One of his tests involved taking the console outside in the summertime to measure frequencies without sounds reflecting off walls. He quickly received confirmation from his neighbors that he was onto something.

“I had three neighbors come by and be like, ‘I thought you had a band over here it sounded so good,’” Morris says. “I couldn’t have asked for better feedback.”


Quality Over Quantity

One of his neighbors, Tom Watts, is a fellow audiophile who owns Craft Productions, a Truckee-based audio/video company. Watts says he was eager for Morris to put his products on the market so he could become an early customer.

“He started showing me the concept of his first console and I was blown away,” Watts says. “Obviously, the mid-century modern design he’s got, and the beautiful hardwoods, are incredible. And the tube amps he’s putting into those things sound phenomenal. Having a console like that with that warmth and depth of sound is so fun to play with. I tell everybody I know about it.

Along with its turntable, the Mojo also stores records and an accompanying whiskey decanter and glasses, photo by Ryan Salm

“The coolest thing that I’ve been doing is getting my 7-year-old son into records.”

Watts bought the midsized console, the Rambler, which is roughly 3 feet tall and 4 feet wide. The smallest version, Crossroads, is about 3 feet by 3 feet, and the big console, Mojo, measures 3 by 5 feet.

“Yes, they’re expensive,” Morris admits. “But I think we’re all striving a little bit for that quality in products again. For people in the right position wanting something they’re willing to spend a bit more to get something that’s made right and thought through and not just cranked out in China.”

Morris says each console is built to order and takes around four months to complete. Over time, he wants to scale up “to an extent,” but keep them as boutique products.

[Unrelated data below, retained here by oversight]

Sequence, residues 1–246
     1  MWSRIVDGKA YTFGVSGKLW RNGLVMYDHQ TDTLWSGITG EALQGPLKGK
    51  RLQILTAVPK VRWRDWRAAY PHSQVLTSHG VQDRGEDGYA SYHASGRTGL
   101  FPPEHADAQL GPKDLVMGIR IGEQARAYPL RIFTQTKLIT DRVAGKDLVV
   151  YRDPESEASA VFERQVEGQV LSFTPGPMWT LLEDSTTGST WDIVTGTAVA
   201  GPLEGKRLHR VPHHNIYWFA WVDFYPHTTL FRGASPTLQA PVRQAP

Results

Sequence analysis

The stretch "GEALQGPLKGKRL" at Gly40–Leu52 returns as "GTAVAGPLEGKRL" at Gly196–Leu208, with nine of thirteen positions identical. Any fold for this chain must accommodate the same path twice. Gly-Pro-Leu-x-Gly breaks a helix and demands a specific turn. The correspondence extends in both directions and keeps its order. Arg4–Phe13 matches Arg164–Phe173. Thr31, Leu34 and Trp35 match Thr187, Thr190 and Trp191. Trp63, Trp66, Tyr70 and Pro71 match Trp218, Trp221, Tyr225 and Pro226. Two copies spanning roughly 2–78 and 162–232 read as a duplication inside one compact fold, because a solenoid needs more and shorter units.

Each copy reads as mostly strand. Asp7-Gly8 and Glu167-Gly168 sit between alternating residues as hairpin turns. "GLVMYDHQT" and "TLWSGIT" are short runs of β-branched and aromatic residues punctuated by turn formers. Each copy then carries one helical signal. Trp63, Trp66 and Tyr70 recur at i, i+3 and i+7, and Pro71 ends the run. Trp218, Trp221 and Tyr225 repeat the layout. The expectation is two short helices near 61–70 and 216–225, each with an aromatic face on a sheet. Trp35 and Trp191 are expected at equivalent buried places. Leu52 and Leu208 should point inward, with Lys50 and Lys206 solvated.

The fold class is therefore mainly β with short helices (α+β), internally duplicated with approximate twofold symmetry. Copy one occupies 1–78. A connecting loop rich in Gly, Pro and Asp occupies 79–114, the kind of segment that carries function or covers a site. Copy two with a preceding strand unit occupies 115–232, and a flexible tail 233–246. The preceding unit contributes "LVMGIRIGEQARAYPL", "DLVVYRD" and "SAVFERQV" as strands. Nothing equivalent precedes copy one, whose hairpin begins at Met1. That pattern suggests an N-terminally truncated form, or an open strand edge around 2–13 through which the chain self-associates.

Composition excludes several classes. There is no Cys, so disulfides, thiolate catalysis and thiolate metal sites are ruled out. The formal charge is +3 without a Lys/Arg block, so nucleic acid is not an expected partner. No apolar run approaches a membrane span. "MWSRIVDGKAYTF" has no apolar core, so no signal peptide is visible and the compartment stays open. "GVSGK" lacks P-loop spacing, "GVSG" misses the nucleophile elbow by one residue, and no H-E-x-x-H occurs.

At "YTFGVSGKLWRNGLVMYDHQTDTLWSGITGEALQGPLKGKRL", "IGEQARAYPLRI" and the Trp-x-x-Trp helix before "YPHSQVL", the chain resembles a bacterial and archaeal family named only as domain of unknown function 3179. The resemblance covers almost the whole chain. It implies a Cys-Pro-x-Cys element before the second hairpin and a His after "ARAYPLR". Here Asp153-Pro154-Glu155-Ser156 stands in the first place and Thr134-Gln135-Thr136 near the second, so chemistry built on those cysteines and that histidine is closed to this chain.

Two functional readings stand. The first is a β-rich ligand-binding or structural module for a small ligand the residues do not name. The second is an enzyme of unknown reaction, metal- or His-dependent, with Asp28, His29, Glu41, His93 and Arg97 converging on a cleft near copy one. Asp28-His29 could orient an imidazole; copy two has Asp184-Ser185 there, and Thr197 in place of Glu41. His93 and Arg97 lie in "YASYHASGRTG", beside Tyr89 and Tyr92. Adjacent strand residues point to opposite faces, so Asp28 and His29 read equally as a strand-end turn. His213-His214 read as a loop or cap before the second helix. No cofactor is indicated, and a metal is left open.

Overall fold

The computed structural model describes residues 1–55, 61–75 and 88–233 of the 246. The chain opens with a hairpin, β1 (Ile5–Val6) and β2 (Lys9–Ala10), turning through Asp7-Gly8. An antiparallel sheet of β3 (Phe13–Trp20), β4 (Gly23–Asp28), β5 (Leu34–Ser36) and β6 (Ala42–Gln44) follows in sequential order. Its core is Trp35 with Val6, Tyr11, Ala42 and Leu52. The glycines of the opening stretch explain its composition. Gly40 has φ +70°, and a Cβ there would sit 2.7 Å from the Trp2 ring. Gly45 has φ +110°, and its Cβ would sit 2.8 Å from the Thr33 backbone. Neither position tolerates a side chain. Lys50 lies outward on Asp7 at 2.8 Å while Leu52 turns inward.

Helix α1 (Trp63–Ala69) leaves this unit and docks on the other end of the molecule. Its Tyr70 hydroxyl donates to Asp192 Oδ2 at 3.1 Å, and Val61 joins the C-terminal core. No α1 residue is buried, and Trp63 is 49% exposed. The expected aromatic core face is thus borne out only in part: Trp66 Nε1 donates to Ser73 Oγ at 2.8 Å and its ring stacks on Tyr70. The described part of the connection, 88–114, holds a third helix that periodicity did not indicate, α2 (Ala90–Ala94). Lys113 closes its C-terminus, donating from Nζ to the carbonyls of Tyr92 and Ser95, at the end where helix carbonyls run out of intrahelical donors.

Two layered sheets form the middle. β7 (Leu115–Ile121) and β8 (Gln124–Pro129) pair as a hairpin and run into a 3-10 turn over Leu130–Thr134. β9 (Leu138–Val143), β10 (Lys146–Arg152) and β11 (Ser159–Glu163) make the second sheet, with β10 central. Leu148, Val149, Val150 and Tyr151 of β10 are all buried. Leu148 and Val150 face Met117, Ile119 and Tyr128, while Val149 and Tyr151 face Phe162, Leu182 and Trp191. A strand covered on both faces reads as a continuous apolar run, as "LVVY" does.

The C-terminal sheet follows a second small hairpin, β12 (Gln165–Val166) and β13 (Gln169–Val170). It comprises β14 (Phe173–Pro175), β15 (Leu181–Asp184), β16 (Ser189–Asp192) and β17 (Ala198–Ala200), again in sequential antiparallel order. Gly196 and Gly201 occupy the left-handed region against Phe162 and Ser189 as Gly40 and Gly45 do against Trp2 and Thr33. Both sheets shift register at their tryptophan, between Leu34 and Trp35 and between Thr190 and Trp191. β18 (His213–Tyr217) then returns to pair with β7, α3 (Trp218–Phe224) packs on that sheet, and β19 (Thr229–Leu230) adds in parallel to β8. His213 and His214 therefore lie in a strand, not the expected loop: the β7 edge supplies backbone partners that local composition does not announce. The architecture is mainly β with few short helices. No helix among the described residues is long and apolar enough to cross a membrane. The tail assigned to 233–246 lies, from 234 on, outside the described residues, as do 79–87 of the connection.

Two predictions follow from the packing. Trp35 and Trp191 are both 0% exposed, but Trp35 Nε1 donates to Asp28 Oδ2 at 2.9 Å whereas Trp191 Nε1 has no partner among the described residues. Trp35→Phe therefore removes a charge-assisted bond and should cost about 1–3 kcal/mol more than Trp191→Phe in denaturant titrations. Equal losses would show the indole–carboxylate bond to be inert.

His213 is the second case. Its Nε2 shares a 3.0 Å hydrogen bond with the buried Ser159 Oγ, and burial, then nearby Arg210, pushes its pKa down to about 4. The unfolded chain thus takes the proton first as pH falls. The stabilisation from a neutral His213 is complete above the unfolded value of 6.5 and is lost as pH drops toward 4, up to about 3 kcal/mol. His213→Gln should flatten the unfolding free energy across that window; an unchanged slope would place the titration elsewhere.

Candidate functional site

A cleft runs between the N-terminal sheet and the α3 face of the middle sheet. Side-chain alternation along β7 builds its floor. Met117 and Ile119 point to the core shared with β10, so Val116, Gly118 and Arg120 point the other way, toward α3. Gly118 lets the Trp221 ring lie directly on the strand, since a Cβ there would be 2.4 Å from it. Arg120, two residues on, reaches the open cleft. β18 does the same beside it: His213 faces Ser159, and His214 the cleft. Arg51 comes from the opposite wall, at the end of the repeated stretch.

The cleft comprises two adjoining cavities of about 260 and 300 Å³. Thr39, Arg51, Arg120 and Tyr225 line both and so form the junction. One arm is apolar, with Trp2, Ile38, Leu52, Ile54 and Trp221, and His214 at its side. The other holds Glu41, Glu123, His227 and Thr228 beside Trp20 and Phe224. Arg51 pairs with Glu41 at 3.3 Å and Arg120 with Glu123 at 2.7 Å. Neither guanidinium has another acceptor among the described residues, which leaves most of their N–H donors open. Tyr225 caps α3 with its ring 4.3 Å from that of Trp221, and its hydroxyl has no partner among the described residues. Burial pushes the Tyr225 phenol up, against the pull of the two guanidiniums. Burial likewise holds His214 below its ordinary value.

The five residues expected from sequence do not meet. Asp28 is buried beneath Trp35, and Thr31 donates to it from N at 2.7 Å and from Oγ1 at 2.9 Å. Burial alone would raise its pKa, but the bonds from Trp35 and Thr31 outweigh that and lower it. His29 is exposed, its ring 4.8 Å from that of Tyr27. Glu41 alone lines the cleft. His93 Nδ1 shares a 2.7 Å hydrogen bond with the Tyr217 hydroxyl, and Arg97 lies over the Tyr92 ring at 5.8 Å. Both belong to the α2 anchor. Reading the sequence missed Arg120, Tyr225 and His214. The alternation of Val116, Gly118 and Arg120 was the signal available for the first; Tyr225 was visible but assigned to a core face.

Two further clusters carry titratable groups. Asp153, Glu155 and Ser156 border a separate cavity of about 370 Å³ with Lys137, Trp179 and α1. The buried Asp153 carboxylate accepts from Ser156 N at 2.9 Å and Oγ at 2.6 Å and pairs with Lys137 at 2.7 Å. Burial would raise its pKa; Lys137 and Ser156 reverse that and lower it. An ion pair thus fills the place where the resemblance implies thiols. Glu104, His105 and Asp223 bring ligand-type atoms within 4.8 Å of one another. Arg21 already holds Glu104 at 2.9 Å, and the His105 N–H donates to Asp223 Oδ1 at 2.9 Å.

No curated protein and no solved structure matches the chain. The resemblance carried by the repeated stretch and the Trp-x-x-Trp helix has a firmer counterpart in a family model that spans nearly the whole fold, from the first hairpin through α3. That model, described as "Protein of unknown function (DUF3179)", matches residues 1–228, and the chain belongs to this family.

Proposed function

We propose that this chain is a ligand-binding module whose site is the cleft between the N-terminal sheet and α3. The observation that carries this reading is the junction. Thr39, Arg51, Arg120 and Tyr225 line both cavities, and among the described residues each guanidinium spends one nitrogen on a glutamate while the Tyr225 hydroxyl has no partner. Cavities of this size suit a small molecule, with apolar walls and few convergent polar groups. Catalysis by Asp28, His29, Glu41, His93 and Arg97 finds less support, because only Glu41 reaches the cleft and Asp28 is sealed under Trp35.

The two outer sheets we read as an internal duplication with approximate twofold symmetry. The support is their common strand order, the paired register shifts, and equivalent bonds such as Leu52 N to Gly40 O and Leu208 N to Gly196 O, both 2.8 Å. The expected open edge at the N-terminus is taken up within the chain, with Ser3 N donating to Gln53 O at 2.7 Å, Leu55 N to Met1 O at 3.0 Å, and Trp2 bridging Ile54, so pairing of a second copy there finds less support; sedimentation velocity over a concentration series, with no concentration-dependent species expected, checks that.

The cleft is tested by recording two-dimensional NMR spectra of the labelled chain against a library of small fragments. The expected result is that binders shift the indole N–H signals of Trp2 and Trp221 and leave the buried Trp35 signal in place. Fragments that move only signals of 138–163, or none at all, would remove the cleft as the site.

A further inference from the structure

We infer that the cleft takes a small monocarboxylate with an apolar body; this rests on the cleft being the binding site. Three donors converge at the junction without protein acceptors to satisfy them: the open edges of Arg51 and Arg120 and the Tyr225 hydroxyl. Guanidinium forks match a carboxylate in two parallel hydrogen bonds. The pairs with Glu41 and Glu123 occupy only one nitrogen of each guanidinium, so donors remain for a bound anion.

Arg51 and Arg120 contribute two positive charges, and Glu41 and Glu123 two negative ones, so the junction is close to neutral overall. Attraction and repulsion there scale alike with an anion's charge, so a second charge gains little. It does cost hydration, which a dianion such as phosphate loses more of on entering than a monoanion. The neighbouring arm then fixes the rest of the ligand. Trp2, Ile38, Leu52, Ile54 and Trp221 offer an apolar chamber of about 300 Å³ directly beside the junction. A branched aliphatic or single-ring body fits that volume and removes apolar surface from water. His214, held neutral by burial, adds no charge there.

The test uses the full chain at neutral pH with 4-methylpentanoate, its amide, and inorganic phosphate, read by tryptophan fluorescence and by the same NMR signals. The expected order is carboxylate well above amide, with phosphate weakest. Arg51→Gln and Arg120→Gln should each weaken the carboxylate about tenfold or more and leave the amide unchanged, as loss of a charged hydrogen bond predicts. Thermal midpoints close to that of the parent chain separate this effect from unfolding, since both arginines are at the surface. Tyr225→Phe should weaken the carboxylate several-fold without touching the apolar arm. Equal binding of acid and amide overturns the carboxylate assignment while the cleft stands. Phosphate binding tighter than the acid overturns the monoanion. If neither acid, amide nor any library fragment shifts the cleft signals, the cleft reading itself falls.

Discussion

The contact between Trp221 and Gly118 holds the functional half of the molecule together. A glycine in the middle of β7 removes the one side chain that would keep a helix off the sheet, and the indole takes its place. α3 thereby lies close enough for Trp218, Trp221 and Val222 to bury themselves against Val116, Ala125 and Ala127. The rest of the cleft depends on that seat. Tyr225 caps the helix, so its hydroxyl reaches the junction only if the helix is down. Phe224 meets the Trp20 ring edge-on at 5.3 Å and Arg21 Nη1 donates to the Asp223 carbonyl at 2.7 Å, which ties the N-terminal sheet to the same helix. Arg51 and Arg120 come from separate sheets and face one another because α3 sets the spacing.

“I’m not looking to make thousands of these,” he says. “I take my time on them. I want to make them perfect for people, so they’re around for as long as the old ’50s ones.”

Morris says it’s not just paying for a significantly richer and warmer listening experience. It’s an investment in a custom-built piece of furniture that’s sure to turn heads, strike up conversations, cut down on Netflix time and last for generations.

“I’m proud of this whole thing,” Morris says. “I know I’m partial, but I don’t think I’ve ever heard anything better sounding in someone’s house. It was a big challenge, but I’m so excited to be able to start to share it with people.”

Streamline HiFi’s “Rambler” console is available to observe in action at the Alpine Electric showroom in downtown Truckee. Contact Streamline HiFi to schedule an appointment:, (530) 608-0880,

Kaleb M. Roedel is a Reno-based writer and vinyl collector who thinks the Velvet Underground is criminally underappreciated.

  • wade souza
    Posted at 17:03h, 22 February Reply

    Very cool idea. I’ve seen guys retrofit old consoles that work well. But, building new ones like this so they are almost customized to one’s wants and uses quality hardwoods and electronic systems is a step up.

  • David
    Posted at 15:12h, 23 February Reply

    I have seen these first hand and they are amazing. Steve is very gifted and can’t wait to take one home and build my living room around it.